Afshar's conclusion is that the light exhibits wave-like behavior when going past the wires, since the light goes through the spaces between the wires, but avoids the wires themselves, when both slits were open, but also exhibits particle-like behavior after going through the lens, with photons going to a given photo-detector. Afshar argues that this behavior contradicts the principle of complementarity, since it shows both complementary wave and particle characteristics in the same experiment for the same photons.

Peer Reviews: Support and Criticism[edit]

A number of scientists have published criticisms of Afshar's interpretation of his results, some of which reject the claims of a violation of complementarity, while differing in the way they explain how complementarity copes with the experiment. Afshar has responded to these critics in his academic talks, his blog, and other forums.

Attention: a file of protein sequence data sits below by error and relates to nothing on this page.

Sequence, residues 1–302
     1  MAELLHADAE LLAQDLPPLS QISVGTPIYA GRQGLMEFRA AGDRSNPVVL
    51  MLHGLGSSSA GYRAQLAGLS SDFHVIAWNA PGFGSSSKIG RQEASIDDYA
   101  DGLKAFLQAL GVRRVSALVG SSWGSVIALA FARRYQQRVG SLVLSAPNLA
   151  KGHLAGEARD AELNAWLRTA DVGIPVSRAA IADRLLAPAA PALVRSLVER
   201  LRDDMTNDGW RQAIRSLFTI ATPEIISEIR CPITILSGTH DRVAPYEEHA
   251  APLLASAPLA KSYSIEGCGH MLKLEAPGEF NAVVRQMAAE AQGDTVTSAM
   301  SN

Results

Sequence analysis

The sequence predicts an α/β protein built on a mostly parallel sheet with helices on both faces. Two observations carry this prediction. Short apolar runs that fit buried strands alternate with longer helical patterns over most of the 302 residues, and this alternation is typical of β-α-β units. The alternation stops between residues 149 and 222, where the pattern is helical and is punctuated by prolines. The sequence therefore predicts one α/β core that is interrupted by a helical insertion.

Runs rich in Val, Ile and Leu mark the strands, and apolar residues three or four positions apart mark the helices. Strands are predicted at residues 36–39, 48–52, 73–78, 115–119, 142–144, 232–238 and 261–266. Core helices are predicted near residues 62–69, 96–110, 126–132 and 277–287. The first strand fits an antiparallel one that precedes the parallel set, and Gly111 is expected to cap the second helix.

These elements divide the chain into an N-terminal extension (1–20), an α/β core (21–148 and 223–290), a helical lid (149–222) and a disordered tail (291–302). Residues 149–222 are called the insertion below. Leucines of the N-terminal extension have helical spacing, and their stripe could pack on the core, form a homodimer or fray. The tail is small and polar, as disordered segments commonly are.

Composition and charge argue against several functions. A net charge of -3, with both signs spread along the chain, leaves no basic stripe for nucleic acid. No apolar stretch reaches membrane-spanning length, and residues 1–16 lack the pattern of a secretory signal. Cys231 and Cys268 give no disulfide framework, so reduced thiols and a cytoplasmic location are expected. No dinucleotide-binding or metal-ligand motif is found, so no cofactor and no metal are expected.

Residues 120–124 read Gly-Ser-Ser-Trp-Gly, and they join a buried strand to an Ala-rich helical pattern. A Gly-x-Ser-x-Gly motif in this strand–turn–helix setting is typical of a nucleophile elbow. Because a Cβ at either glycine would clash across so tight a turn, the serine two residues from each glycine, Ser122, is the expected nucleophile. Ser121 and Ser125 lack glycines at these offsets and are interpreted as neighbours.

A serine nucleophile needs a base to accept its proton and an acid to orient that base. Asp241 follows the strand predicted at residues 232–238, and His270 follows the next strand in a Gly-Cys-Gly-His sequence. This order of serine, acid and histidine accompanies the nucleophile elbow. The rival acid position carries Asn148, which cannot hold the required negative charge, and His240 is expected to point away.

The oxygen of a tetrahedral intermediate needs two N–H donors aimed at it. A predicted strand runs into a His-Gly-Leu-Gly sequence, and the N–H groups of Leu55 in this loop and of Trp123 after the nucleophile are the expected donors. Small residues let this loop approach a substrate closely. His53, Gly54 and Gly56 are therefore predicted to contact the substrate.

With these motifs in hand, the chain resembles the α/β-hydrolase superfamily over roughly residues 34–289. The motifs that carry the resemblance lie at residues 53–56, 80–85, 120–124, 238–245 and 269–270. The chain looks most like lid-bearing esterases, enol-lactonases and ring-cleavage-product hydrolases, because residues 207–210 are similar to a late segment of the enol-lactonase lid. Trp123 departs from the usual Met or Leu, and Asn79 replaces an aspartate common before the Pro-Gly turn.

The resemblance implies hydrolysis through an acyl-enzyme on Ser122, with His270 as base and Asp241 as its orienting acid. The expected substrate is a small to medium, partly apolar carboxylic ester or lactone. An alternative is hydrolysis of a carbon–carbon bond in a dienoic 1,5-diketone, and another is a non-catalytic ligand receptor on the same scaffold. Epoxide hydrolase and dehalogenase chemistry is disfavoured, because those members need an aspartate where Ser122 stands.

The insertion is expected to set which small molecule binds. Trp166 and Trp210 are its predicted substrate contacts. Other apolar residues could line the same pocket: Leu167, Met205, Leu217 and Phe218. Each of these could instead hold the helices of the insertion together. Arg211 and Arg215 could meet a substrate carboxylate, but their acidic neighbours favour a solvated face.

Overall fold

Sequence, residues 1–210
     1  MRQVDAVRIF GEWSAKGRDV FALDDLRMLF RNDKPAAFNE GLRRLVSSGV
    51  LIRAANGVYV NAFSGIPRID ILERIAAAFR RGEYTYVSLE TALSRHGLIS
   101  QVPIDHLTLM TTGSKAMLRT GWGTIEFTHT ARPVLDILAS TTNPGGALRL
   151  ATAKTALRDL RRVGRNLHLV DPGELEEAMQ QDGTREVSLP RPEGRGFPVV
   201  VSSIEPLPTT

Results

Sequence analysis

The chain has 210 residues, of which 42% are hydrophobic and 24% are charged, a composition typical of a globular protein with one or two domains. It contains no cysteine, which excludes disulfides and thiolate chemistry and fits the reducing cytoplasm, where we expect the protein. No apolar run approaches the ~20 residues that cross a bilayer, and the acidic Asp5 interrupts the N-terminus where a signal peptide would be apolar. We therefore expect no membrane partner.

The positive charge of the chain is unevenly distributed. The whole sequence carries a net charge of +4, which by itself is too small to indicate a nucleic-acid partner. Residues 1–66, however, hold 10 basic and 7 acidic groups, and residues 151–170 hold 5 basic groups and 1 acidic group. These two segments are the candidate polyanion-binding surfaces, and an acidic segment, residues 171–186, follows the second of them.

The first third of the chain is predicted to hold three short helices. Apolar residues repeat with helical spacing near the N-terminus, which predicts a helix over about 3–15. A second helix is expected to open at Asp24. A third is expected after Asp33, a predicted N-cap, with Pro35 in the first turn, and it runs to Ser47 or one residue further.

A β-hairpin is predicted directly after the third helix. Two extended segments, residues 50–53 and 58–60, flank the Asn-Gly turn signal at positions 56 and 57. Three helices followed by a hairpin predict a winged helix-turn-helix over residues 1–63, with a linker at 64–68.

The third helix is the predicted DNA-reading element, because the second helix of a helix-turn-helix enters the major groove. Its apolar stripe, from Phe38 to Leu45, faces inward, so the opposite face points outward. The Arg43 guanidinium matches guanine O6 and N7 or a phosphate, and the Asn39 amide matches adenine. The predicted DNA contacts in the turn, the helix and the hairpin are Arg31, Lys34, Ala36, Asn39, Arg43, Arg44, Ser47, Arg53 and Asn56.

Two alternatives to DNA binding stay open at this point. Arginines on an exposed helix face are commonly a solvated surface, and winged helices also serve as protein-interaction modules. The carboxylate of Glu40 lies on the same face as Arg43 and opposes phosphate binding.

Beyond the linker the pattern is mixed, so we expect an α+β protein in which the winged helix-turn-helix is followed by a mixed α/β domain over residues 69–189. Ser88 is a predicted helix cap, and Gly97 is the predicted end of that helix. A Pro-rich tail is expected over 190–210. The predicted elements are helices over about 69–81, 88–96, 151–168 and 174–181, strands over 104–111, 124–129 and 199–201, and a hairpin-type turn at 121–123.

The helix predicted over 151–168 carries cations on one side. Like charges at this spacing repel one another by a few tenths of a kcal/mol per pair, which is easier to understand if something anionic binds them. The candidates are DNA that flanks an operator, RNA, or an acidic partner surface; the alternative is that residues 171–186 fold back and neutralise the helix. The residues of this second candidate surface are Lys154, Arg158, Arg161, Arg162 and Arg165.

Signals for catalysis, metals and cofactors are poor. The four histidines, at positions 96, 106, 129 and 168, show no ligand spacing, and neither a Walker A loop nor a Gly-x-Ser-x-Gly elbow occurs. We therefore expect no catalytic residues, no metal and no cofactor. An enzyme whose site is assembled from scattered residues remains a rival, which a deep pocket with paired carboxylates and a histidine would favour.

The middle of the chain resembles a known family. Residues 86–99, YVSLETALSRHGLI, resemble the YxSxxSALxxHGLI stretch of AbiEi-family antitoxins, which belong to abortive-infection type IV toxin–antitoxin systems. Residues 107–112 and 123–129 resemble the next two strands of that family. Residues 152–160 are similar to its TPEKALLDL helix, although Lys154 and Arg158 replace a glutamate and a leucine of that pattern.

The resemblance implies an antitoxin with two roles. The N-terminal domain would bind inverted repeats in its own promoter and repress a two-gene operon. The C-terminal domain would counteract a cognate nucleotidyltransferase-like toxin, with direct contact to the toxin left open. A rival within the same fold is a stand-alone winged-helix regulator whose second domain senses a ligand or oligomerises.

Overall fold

The most recent work claims that Afshar's core claim, that the Englert–Greenberger duality relation is violated, is contested. They re-ran the experiment, using a different method for measuring the visibility of the interference pattern than that used by Afshar, and found no violation of complementarity, concluding "This result demonstrates that the experiment can be perfectly explained by the Copenhagen interpretation of quantum mechanics."[6] Below is a synopsis of the papers by critics highlighting their main arguments, and the disagreements they have amongst themselves:

Some researchers claim that, while the fringe visibility is high, no which-way information ever exists:

  • Ruth Kastner, Committee on the History and Philosophy of Science, University of Maryland, College Park.[4][16]